44. Negotiating a Term Sheet (Jason Heltzer)

The Full Ratchet Podcast on iTunesNick Moran Angel List

Jason Heltzer of Origin Ventures joins Nick to cover Negotiating a Term Sheet. We will address questions including:

  • Heltzer Term Sheet NegotiationCan you first talk about why you chose to write about negotiation?
  • One of the first things to understand is whether the negotiation is asymmetric or not. What does this mean and why is a negotiation foregone if the leverage is imbalanced?
  • Before we get into all the strategies and tactics for negotiating, can you first highlight the top 3-5 areas that are most often negotiated on a term sheet?
  • What are some of the items that are typically not negotiated but should be a part of the discussion?
  • If valuation is the key element that the entrepreneur is focused on, what other elements do you negotiate on to counterbalance a valuation that may be above-market?
  • You’ve highlighted the characteristics of strong negotiators before. Do you mind touching on a few of the key items and give an example of a well-executed negotiation?
  • You’ve also called out the mistakes made by lousy negotiators. What are the most common pitfalls you’ve seen?
  • Some, like Fred Wilson and Jerry Neumann have talked about how they don’t really negotiate. What do you think VCs mean when they say they do not negotiate?
  • Any other suggestions for investors and/or entrepreneurs on how to better negotiate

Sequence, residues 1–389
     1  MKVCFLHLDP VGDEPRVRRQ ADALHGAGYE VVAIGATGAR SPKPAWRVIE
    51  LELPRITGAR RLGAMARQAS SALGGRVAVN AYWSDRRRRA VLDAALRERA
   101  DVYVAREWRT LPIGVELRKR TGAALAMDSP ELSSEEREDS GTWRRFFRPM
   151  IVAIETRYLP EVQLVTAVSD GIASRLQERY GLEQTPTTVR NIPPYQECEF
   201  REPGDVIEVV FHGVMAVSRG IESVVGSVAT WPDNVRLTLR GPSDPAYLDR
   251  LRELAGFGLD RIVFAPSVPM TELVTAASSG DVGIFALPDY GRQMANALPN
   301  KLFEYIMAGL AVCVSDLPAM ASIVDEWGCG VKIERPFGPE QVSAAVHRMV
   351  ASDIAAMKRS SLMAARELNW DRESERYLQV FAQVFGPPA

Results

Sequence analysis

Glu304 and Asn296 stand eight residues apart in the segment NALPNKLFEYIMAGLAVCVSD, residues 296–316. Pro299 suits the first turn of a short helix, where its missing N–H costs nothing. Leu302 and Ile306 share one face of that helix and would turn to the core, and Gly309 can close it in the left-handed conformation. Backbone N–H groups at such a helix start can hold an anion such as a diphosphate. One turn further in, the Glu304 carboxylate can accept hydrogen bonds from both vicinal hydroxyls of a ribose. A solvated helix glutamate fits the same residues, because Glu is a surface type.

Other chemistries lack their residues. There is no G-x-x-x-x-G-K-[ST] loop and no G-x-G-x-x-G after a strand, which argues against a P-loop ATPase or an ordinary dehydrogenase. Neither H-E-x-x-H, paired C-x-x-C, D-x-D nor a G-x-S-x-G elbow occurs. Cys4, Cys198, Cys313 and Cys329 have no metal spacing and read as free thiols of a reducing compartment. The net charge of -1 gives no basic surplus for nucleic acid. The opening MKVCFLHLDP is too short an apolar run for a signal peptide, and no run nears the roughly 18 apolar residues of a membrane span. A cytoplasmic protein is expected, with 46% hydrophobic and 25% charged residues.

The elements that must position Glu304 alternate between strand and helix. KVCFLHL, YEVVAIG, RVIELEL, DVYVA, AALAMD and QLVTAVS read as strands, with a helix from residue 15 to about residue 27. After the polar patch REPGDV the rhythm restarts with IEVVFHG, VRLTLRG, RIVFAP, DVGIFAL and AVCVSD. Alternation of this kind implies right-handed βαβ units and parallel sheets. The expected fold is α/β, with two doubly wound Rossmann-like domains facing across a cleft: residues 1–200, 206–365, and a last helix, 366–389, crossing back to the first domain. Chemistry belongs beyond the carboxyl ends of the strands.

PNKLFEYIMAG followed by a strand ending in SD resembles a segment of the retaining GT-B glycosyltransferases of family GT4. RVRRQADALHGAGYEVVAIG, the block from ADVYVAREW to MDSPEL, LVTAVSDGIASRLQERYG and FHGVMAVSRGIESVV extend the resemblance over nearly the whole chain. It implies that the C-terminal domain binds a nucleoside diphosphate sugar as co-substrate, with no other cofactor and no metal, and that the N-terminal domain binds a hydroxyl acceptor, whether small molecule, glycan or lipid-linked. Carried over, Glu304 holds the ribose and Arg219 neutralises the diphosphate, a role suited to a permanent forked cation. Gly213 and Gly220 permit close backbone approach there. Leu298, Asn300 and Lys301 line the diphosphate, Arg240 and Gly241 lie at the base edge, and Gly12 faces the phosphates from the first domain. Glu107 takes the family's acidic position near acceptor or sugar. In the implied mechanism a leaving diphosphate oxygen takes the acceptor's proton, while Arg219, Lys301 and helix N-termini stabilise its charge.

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Key Takeaways:


1- Critical Items to Negotiate in a Term Sheet

The Top items most often negotiated on a Term Sheet:
-Founder Vesting
-Control Provisions

Items that should be included in every negotiation but in some cases are not:
-ROFR, Right of First Refusal
-Liquidation Preference & Structure of the Security
-Options Pools at pre or post
-Anti Dilution Provisions

2- Negotiation Pitfalls

-People that are position oriented vs principle oriented
-Try to push from a position of power instead of articulating the value that they bring
-Stuck on one detail, one aspect of the negotiation so much that they lose sight of the ultimate goal
-They talk more than they listen
-They try to sell so much that they lose credibility
-Focused too much on the vanity terms of the term sheet. Just want to broadcast the high valuation that they negotiated.
-Using agents to negotiated on their behalf instead of negotiating principle to principle
-Taking too long. Getting hung up on certain items and not knowing when to push for a close. Jason cited how this may have been an issue in the past, but after experience he has a better sense of when to move faster toward a close and when not to.

3- Characteristics of Great Negotiators

Total Value: Sophisticated Investors & Entrepreneurs look at value holistically. It’s not about one term, it’s about the cumulative value of a range of important terms
Great listeners: They don’t just understand their own goals but seek to understand the goals of the person on the other side of the table.
Awareness: Going in, they understand the outlook of each side. Justin mentioned how in venture, entrepreneurs are often the optimist while the investors will trade some upside (ie. valuation) in order to protect the downside (ie. liquidation preference).
Practiced/Experienced: This is a skill to be developed, so the more experience one has, the better negotiator they will become.
Creative, Win-Win focused: Look for a partnership and the opportunity to create tremendous value on both sides. Jason mentioned the story about the well-respected fund that was negotiating w/ an entrepreneur and the founder asked why he should take their terms b/c they were offering a lower valuation and the VC replied by saying “we pay the lowest, but our founders are the richest.”


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